After months of industry teasers, Coca-Cola today launched its new, worldwide packaging design, touted as the most significant design change the 130 year history of the world’s favourite carbonated beverage.
The new design was inspired by the Red Disc symbol used in Coca-Cola marketing campaigns since the 1930s.
The significance of the redesign is that for the first time ever, all Coca-Cola variants are packaged in a red can.
Until the change Coke Zero was packaged in black, while the classic Diet Coke was always packaged in silver.
Speaking today at the Sydney Museum of Contemporary Art, Coca-Cola global head of design James Sommerville took invited media through the creative process that led to the new design, and explained the challenge of getting away from recent design thinking.
“One thing that we were mindful of was that we wanted to put out own stamp on Coca-Cola… but things have changed… it’s not about rainbow colour effects, it’s about being true to our brand, and seeing if we can nuture that and present it in new ways,” he said.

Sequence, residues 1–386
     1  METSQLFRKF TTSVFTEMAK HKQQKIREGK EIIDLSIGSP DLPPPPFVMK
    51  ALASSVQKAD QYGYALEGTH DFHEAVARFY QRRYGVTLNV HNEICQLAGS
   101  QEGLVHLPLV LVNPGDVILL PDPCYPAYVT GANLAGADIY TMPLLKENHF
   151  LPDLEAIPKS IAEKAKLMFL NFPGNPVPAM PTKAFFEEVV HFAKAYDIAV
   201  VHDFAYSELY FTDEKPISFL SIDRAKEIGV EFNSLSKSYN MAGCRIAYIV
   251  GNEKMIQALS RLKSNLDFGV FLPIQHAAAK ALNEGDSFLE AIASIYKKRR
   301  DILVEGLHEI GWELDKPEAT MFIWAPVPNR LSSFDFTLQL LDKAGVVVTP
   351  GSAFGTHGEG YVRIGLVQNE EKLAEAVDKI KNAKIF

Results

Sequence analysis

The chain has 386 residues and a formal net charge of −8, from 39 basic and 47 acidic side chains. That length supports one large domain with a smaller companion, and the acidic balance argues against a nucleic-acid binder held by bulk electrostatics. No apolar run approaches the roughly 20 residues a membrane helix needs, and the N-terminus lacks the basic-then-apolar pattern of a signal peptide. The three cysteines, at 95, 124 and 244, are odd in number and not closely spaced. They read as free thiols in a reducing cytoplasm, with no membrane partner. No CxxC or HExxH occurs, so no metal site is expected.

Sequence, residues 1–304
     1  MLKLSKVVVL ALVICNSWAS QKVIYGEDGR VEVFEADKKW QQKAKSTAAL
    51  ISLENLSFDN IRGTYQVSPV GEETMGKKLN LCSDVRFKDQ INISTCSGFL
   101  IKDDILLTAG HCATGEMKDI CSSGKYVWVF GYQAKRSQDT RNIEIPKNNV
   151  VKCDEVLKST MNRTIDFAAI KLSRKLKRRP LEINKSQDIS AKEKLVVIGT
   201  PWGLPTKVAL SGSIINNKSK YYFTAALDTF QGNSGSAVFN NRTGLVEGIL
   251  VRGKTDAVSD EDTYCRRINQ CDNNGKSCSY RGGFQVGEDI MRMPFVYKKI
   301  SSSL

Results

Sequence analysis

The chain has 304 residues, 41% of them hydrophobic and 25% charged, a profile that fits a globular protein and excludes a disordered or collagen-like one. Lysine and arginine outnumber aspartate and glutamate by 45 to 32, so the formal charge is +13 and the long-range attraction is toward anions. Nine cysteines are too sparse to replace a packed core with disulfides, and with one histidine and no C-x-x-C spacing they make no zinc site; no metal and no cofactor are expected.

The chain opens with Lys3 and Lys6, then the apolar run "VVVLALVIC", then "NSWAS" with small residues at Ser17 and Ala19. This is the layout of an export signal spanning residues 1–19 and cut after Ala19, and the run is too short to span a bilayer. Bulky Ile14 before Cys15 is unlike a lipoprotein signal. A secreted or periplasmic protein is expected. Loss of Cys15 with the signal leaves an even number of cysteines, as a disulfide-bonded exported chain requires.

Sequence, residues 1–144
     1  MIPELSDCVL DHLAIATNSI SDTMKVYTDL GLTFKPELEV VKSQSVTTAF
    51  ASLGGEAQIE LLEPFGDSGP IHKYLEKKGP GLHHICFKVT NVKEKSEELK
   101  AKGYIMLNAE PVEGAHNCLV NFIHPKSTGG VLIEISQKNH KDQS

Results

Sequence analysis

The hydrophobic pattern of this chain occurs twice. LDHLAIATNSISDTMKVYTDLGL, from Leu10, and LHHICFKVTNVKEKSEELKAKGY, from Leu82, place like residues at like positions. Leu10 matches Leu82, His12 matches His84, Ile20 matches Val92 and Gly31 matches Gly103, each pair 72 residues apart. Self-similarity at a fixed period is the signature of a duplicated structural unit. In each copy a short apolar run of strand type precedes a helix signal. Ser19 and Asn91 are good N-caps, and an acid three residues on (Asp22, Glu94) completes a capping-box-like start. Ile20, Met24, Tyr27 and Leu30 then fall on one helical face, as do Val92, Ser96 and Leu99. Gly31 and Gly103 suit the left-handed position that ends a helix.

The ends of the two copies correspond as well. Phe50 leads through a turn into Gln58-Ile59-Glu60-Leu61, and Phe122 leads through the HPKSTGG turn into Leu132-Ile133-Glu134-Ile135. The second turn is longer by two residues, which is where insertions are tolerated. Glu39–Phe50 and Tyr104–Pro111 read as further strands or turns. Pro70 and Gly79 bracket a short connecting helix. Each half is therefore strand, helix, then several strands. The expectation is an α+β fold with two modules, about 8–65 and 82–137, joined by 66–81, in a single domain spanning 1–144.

“So I went back to what made this organisation great.
Mr Sommerville revealed that he took his inspiration from Coca-Cola’s Visual Design Guide 1970, borrowing from the simplicity of the graphic work which he said was “way ahead of its time”.
Coca-Cola South Pacific marketing director Lisa Winn explained that one of the reasons behind the new design and the global One Brand strategy was to strengthen the brand’s iconic colour.
“Over the years with the launch of Diet Coke and other varieties like Coke Zero we have drifted away from ‘Coca-Cola red’. It’s our signature colour that is synonymous with great taste and refreshment,” she said.
“We realised we were in danger of losing our iconic colour in a sea of other colours like silver, black and green, and we knew we needed to reclaim it as an icon of our brand.
“That’s one of the primary ideas behind the new design and the global ‘One Brand’ strategy.”
Ms Winn said the company would engage in an ‘above-the-line’ marketing campaign this year to drive consumer awareness of the design change.